Sole traders and partnerships across the West Midlands have been warned they will face HMRC’s new penalty system if they fail to meet this month’s deadline for submitting online self-assessment tax returns.

The alert comes from Midland tax accountant Anita Stewart who is concerned thousands of small businesses across the region face paying inflated fines for filing their paperwork after the 31 January cut-off.


Under the HMRC’s penalty system, those who file their tax return after the January deadline will now face an automatic £100 fine, even if no tax is due. In some cases levies could stretch to £1,300.


Ms Stewart, partner at Midland-based DHJH Chartered Accountants, said: “With last October’s deadline for paper self-assessments now a distant memory, the only route the region’s small businesses now have is to submit their returns electronically through the HMRC website, or alternatively use specialist tax software which some accountancy firms can access.


“The 31 January HRMC deadline is approaching ever closer so with the festive period now at an end it’s vital, especially for the region’s small businesses, to set time aside in the days and weeks ahead to understand and untangle their paperwork.


“HMRC’s complicated penalty framework means the cut-off date is especially important this year as it’s clear many firms have ignored the recently introduced system. It’s a snub, although unintentional by most, which could prove extremely costly.


“In a nutshell, the longer sole traders or partnerships delay their returns, the more they will have to pay as there are mounting late-filing penalties after three, six and twelve months. It’s a severe new framework which could see some paying up to £1,300 in fines – with those not even owing any tax possibly being landed with a £100 penalty.”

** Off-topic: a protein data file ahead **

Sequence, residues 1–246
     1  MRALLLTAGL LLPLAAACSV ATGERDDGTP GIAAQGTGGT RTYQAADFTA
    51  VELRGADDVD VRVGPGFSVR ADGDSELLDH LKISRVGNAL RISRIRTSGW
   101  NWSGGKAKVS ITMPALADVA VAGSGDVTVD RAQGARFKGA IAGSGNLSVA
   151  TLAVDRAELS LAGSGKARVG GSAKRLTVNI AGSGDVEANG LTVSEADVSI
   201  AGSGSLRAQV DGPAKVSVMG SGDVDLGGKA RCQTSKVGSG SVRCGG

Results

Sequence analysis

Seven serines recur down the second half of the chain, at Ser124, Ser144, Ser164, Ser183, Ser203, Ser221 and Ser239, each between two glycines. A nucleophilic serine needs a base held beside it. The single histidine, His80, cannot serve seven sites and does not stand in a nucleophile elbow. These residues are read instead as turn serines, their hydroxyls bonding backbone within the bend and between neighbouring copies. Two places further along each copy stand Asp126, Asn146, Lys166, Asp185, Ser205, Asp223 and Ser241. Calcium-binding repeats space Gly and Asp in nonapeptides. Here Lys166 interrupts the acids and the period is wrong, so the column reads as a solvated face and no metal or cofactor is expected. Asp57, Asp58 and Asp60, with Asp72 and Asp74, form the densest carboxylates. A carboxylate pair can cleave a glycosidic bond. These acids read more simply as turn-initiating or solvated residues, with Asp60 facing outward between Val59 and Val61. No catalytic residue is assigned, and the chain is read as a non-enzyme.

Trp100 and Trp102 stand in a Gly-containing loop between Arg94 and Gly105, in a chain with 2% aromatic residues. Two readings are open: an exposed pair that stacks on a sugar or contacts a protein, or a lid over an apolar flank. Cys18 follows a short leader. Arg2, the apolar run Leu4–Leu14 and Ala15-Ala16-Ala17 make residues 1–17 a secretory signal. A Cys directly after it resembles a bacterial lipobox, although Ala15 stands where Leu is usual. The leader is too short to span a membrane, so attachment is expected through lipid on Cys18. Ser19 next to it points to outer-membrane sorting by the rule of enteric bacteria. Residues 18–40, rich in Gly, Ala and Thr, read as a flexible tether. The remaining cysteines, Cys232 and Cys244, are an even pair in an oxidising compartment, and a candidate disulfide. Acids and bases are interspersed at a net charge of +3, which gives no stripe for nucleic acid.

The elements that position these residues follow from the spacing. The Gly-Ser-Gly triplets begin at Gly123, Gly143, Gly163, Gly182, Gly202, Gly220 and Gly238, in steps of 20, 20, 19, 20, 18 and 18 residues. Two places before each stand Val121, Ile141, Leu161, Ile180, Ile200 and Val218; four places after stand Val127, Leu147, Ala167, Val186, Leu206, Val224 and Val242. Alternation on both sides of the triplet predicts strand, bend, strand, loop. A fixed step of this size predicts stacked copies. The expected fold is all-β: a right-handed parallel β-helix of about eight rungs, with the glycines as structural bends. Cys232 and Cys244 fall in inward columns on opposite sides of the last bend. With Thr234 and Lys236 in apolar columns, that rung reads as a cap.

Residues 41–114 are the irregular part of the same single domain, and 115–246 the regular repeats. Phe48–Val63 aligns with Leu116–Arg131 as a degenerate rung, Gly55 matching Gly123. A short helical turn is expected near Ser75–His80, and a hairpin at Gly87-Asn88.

Ms Stewart, a respected tax advisor to many businesses across Birmingham and the Black Country, added: “With our unstable economy forming an uncertain picture for many small businesses here in the Midlands, failure to meet the 31 January deadline will add unnecessary pressure onto finances at a time when they least need it.”


Ms Stewart said that it’s widely accepted that the tax body’s new-look penalty system is here to stay. She added that HMRC will continue to target non-filers through reminder letters and government-led marketing campaigns and warned taxpayers they will ‘stop at nothing’ to claw back the money they are owed.


She has advised the region’s sole traders and partnerships to seek professional financial advice if they need to be guided through the online submission process – a service DHJH specialise in through their access to a bespoke software package.




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